- Pandora,the streaming music service seen as dead money when Apple Music was announced, is doing better.
- A profit is expected this quarter, and royalty rates look to be manageable.
- Ticketfly is the secret sauce of profitability.
Pandora Media (NYSE:P) has certainly had an interesting quarter. Since last reporting earnings in July Pandora stock price has soared over 40%. Pandora Q3 2015 earnings are due to be reported on October 22, after market hours.
Contrary to expectations, the streaming music service did not die when Apple (NASDAQ:AAPL) Music launched and reached 6.5 million paying customers within a few months. Spotify, another rival, also claimed it had 20 million paid subscribers in June. Statista estimated Pandora’s paid subscriber count at 3.6 million at the end of 2014, but it is still believed to be the market leader, so it’s obviously growing fast.
All of which means that, while Pandora has not been a money maker before it may be about to become one. During the June quarter it cut its losses to $16.07 million, 8 cents per share, on revenue of $285 million. That top line was up 25% YoY, over the previous June quarter’s $219 million. The Q3 2015 analyst consensus earnings estimate is 9 cents, with a “whisper number” hoping for 11 cents, on revenue of $313 million.
Things are certainly looking up, although they have to look much better for Pandora to near its all-time high of $37, achieved in early 2014, and many of those who bought right after the 2011 IPO are still waiting on a meaningful profit. The stock had risen to over $20/share in the first week of trading, and on Tuesday, at noon, it was sitting near $19.50.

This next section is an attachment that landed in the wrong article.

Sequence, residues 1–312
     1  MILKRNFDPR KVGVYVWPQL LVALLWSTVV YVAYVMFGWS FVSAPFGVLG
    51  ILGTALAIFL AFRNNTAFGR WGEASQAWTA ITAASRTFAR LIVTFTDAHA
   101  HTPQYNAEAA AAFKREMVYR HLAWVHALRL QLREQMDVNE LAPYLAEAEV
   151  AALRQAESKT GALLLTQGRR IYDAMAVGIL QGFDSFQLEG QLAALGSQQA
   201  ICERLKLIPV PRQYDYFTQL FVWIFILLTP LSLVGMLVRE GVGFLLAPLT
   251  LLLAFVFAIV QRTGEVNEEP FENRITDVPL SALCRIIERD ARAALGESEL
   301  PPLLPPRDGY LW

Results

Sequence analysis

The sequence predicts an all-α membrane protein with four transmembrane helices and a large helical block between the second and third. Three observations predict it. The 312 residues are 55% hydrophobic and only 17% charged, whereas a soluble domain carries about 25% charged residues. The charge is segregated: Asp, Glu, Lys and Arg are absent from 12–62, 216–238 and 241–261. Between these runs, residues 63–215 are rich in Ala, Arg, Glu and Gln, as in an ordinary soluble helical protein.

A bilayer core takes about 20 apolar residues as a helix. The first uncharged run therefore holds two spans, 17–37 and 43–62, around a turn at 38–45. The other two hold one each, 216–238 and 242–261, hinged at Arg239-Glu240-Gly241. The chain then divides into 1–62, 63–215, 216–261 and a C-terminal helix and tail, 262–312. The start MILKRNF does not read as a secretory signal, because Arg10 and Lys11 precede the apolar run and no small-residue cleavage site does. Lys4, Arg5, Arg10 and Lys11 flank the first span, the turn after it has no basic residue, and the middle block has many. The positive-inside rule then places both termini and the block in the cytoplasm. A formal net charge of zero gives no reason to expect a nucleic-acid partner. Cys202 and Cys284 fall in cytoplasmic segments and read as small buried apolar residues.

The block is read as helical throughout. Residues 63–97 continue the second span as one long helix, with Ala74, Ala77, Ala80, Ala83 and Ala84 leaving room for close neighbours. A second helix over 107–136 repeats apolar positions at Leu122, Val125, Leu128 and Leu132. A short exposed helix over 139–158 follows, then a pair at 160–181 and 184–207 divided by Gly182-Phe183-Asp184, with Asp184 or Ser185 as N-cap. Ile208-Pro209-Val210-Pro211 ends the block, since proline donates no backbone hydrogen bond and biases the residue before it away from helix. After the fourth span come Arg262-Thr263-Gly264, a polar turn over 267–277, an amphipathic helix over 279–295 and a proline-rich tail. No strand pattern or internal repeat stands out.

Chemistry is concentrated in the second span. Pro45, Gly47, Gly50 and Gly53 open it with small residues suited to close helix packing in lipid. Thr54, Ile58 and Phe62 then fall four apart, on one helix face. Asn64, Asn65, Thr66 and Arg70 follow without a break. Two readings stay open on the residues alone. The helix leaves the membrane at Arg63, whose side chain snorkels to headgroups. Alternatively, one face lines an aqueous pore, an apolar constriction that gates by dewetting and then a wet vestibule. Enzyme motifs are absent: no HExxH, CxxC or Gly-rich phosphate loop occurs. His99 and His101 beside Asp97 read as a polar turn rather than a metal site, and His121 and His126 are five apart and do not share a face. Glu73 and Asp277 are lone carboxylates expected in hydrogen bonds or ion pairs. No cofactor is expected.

The biggest uncertainty has always been the royalties Pandora would eventually have to pay the artists on its service, and there is growing clarity on that. The U.S. Copyright Office seems to agree with Pandora’s view on music royalties, and it could cap royalties for all music published before 1972 at $90 million, a bargain. Pandora is partnering with the independent rights group Merlin to set other royalty rates.
The royalty news was so good that Pandora stock was halted, twice, on September 21, jumping higher each time. Royalties are Pandora’s biggest expense, and anything that sets a cap on those costs, or that gives an assurance of a future cap, is going to be seen as positive.
Even if the numbers for this quarter don’t look as good – the royalty benefits will kick in over time – Pandora made another move towards profitability this month by buying Ticketfly, an online ticketing provider, for $450 million. Pandora has also announced an iOS app that makes it compatible with Apple’s CarPlay service.
There is a lot of potential synergy in Ticketfly, as promotion and advertising on concerts is notoriously spotty – posters in the front window of bars and other shops are considered state of the art. Pandora can point fans of specific artists to Ticketfly, increasing sell-through and customer satisfaction with music. It is truly a win-win.
So what you’re looking at is a company that just needs to show a profit, and some revenue growth, in order to satisfy investors, whose average target price for this time next year is $23.38. Pandora Q3 2015 earnings are scheduled to be announced after market close on October 22.
So, buy or sell? I’m not a buyer here, but if I were sitting on some shares that are currently underwater I would certainly be tempted to hang on.